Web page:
Futuristic timpani concerto complements Beethoven's Ninth
We're often told that symphonic music has no future, that symphony halls are mausoleums for dead composers. But Thursday night's San Francisco Symphony program at Davies Symphony Hall -- the first of seven sold-out, season-ending performances -- was an exercise in radicalism.
It began with an engrossing -- and futuristic -- new concerto for timpani by William Kraft: Its soloist, David Herbert, was barely visible inside a supersonic ``cockpit'' of 15 gleaming kettle drums, encircling him in double-deckered rows, as if the repressed imaginings of every percussionist in the world suddenly had sprung to life.
The program ended with Beethoven's Symphony No. 9, which turned the music world upside down two centuries ago and sounded amazingly new and clear Thursday, a joyful geyser of energy and beauty in a performance led by Michael Tilson Thomas.
It was a good idea to arrive early: At 7:20 p.m., with the hall nearly empty, Herbert was on stage, adjusting and fine-tuning his drums and practicing a few flourishes. It was like being at batting practice at the ballpark; Herbert was getting the lay of the land, along with a couple of other percussionists and a lone trumpeter from the orchestra.
At 8:05, the official proceedings began. Herbert, in shirtsleeves (no constraining tuxedo for this all-out performance) was settled amid his drums for the world premiere of Kraft's ``XIII/The Grand Encounter,'' Timpani Concerto No. 2:
Bam!!! Bam!!! Bam!!!
Herbert pummeled the drums, joining the orchestra in a heavy metal outburst. Then, quickly, the bombast melted into quiet super-complexities of rhythm and mysterioso melody, with gauzy textures and squeezed-down chords: Gil Evans and the impressionists meet modern classical astringency.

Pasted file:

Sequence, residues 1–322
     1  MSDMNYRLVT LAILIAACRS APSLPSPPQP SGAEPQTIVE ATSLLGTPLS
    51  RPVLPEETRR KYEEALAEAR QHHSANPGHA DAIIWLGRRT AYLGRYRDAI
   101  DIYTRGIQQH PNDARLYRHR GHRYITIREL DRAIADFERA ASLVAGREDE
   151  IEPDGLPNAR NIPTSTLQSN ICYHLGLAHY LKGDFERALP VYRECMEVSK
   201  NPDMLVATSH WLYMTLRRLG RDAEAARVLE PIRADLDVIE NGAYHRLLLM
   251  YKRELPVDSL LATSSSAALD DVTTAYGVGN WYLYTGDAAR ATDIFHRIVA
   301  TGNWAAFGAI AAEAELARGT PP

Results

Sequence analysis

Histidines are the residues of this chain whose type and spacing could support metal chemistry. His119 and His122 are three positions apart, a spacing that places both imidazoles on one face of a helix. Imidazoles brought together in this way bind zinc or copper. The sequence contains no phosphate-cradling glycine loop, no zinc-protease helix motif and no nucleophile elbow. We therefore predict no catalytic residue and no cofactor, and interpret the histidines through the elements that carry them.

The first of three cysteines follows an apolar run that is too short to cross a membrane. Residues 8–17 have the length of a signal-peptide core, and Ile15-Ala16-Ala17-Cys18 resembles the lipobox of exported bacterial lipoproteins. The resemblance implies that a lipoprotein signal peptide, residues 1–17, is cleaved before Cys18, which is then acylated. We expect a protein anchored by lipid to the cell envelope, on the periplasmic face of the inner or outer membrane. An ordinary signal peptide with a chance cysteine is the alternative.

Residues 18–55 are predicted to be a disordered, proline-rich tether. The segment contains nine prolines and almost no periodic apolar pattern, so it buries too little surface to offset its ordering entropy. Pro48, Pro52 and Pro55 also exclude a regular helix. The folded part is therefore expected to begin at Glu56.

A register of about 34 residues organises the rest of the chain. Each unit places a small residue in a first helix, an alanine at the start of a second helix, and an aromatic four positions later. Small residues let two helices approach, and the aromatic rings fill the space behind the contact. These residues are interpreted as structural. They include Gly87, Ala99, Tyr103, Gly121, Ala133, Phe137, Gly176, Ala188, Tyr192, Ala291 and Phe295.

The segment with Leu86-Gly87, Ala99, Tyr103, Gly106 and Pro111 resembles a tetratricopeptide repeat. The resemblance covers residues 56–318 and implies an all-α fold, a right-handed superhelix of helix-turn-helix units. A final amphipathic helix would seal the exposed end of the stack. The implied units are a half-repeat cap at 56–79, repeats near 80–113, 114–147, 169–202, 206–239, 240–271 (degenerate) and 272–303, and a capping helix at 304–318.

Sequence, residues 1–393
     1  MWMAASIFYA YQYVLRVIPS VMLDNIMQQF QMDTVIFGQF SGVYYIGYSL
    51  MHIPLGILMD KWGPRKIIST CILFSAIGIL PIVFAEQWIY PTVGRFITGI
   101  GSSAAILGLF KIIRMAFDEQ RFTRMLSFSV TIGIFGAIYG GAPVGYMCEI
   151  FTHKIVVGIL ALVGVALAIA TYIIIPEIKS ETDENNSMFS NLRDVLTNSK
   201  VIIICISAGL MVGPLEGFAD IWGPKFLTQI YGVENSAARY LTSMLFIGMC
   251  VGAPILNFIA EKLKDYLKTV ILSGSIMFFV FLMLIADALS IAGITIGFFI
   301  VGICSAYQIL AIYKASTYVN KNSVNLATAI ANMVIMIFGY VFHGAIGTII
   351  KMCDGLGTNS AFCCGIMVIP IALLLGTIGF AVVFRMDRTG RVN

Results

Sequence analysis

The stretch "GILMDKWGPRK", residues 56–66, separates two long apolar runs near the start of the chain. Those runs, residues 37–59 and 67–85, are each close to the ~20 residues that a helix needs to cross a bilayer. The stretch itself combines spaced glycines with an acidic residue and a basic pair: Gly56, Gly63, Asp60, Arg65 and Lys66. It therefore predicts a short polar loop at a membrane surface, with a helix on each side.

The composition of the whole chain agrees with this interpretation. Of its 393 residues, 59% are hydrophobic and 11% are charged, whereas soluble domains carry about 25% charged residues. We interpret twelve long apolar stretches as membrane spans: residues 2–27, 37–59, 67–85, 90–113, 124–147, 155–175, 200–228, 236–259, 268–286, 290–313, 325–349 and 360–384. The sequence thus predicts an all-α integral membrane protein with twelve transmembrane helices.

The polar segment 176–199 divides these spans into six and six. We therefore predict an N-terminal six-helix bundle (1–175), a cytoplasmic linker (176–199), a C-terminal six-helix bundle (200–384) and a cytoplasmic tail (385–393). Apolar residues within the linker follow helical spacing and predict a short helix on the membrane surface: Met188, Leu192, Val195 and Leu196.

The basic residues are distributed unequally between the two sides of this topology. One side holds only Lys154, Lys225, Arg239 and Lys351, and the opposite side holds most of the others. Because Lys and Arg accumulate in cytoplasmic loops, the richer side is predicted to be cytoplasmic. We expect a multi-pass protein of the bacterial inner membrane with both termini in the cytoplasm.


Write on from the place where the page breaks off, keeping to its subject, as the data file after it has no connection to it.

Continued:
Weaving through it all was Herbert. He wheeled this way and that, rolling across his instruments, turning 180 degrees and stretching to complete a zooming phrase, moving top to bottom, then bottom to top, through his super-sized drum kit -- and, whenever he had a few seconds to rest, adjusting the tension on his drum heads to alter their pitch.
It was like watching Billy Cobham, the jazz power drummer -- cloned. Herbert flowed through it, playing this strangely beautiful music with energetic efficiency and expressive elan.
There were six large drums, deep-toned, in the bottom row; nine smaller, custom-built ``tenor'' timpanis in the upper row, higher-toned and set at shoulder height, drum heads strategically angled toward the soloist. Herbert helped design this setup, which allows for the timpani's range to be extended up into previously unexplored regions where new colors and actual melodicism emerge, thanks to Kraft, the Los Angeles Philharmonic's former principal timpanist. He was cajoled by Herbert and Tilson Thomas to write the concerto and was in Thursday's audience for the premiere.